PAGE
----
• The granting of legal authority for the junta's post-coup announcements and orders, including bans against demonstrations and political activities (Article 36).
  • The granting of amnesty to the junta for executing the coup (Article 37).
  • Junta bans against political activities, political gatherings of more than five people, and limits on press freedom remained in place.[9]

Banjerd Singkhaneti, of Thammasat University, noted of the process for drafting a permanent constitution, "I think it will be a mess and the next constitution will be just that." Charoen Khumpeeraparp, of Silpakorn University, criticized the charter for protecting human rights according to commitments made under international treaties, claiming that it would not allow persecution of figures in the deposed government. Charoen claimed that no other countries let international commitments influence their local laws.[10]

However, the draft interim charter did call for one democratic innovation: it required that a permanent constitution would have to be ratified by public referendum. This innovation was suggested in the draft 1974 Constitution, but was rejected by the royally-appointed Constitutional Convention. Nonetheless, the referendum proposal too has been condemned, as if the draft is rejected then under section 32 of the interim charter it is returned to the junta, which will write a constitution of its own in consultation with the Council of Ministers.[11]

The interim charter was also criticized for being drafted without considering the views of the public. Meechai Ruchuphan, chief legal advisor for the junta, had earlier promised to heed opposing legal opinions. Komsan Phokong (Sukhothai Thammathirat Open University), Charoen Kampheeraphap (Silapakorn University), and Sasatra Toon (Rangsit University) had then sought and received the permission from the junta to present an alternative draft charter comprising 72 articles. "Meechai had promised to heed opposing legal opinions but failed to honour his word," Komsan said. Sasatra said Meechai acted like he was trying to perpetuate the power of the junta.[12]

On 28 September, 6 scholars from Chiang Mai University and Midnight University protested the draft interim charter by dressing in black and tearing a mock-up of the draft in a press conference. The 6 included historian Nidhi Eawseewong, Worawit Charoenlert, Somchai Preecha-silpakul, Chatchawan Boonpan, Kriengsak Chetwattanawanich and Somkiat Tangnamo. The website of Midnight University was later shut down in response.[13]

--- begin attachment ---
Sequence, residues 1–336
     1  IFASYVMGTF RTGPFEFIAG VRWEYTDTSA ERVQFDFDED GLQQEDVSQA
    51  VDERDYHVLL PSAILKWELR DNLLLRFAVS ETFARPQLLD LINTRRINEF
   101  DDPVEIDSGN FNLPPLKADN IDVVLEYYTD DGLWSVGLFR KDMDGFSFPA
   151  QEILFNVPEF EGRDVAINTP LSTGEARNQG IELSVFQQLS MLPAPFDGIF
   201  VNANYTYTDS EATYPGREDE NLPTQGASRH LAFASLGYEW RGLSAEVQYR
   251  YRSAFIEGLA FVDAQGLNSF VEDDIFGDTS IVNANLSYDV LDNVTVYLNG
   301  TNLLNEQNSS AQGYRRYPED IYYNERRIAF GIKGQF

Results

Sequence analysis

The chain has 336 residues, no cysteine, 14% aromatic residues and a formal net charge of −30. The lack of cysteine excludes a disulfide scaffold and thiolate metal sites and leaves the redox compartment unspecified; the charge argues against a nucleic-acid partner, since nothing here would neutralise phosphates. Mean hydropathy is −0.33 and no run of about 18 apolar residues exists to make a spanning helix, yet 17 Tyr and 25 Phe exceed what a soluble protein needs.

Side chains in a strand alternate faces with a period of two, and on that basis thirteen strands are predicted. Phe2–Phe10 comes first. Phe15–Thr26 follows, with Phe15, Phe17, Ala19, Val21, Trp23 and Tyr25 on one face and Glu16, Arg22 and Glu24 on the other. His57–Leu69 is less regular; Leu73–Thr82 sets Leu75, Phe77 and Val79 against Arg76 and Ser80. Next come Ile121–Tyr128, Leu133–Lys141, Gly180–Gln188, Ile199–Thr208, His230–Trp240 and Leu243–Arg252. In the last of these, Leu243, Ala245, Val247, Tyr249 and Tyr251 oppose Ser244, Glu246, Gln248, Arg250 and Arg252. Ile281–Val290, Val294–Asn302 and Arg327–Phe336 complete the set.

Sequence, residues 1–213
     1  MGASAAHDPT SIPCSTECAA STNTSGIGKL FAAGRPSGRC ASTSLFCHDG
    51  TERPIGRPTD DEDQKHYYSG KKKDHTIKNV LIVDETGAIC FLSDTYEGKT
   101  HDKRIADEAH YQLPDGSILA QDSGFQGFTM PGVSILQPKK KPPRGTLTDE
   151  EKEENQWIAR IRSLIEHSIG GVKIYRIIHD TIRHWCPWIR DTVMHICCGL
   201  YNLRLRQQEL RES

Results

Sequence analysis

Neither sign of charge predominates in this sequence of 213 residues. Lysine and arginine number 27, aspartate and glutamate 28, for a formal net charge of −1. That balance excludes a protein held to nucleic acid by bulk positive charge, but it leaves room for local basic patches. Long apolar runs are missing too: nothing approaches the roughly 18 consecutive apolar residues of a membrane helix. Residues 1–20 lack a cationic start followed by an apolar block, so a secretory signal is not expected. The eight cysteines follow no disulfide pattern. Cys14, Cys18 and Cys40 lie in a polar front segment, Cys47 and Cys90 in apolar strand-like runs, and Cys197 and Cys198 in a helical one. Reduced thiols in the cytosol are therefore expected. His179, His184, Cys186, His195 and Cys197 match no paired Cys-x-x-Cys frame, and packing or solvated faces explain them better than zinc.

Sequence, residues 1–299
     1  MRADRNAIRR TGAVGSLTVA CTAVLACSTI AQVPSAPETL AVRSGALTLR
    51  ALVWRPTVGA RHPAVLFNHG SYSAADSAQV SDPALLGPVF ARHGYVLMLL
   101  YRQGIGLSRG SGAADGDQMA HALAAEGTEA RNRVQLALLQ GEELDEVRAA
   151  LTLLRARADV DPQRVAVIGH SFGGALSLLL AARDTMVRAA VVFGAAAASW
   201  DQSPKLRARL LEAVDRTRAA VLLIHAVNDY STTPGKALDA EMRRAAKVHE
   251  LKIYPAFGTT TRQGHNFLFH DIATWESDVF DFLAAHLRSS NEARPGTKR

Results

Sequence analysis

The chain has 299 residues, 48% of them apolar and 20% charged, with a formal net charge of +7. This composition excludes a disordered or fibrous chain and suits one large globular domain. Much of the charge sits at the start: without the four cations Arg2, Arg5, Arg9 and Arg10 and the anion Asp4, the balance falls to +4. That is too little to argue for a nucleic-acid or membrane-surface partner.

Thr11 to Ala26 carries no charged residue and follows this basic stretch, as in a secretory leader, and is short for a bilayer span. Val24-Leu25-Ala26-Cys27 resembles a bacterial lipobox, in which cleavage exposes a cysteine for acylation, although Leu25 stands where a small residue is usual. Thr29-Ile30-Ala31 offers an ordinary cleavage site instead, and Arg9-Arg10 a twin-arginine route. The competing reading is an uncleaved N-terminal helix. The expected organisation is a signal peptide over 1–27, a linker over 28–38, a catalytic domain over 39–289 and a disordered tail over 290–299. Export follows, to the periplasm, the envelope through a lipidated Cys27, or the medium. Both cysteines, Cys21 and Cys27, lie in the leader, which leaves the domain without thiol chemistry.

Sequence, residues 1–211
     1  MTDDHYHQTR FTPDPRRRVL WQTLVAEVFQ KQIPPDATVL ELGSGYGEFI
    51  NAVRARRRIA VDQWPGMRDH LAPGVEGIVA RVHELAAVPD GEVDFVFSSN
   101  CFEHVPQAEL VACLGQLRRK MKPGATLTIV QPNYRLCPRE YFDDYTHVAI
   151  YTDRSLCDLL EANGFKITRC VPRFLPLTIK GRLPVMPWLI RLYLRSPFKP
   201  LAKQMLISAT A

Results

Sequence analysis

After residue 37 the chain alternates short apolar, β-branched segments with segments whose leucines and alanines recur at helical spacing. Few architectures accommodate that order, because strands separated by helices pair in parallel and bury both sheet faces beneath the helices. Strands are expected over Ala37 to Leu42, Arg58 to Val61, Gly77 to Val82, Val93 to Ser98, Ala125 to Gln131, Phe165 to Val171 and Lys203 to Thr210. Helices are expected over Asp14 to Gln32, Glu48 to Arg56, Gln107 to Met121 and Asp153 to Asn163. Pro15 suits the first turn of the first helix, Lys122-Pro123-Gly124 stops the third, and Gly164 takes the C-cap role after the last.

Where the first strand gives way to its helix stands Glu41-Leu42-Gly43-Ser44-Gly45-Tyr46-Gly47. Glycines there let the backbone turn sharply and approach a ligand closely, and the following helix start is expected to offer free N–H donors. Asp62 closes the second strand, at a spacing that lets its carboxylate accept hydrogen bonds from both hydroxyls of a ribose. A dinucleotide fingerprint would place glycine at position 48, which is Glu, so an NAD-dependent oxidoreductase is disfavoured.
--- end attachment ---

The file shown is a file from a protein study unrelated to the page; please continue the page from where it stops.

Thitinan Pongsudhirak of Chulalongkorn University noted that the charter was "alarming" and that "The problem for the military is that they are in deep now. They haven't done what they set out to do, which was to get rid of Thaksin, hand over power to a civilian government and step aside. They have not stepped aside."[9]

Suriyasai Katasila, a key member of the anti-Thaksin People's Alliance for Democracy, criticized the charter for not containing restrictions which would bar seats in the National Legislative Assembly from former members and affiliates of Thaksin's Thai Rak Thai party.[14]

Khomsan Phokhong, of Sukhothai Thammathirat Open University, demanded greater public participation in the charter-drafting process as well as restrictions against participation by members and affiliates of the Thai Rak Thai party. Somkhid Lertphaithoon, Deputy Rector of Thammasat University, demanded that the junta directly appoint 100 members to the Constitution Drafting Assembly rather than rely on a 2000-member National Assembly. He also called the interim constitution the best of its kind although he was disappointed it did not include a mission statement.[14]

Somchai Siripreechakul, Dean of Law at Chiang Mai University, urged Prime Minister Surayud Chulanont to call a general election as soon as possible and hand the task of drafting a charter to the elected parliament.[15]

The International Herald Tribune noted that the interim charter "appears to buttress the military's role in Thai politics."[9]

Among human rights groups, the Hong Kong-based regional body the Asian Human Rights Commission has issued a series of statements condemning the interim charter as a work of "constitutional fiction".[16]

Permanent constitution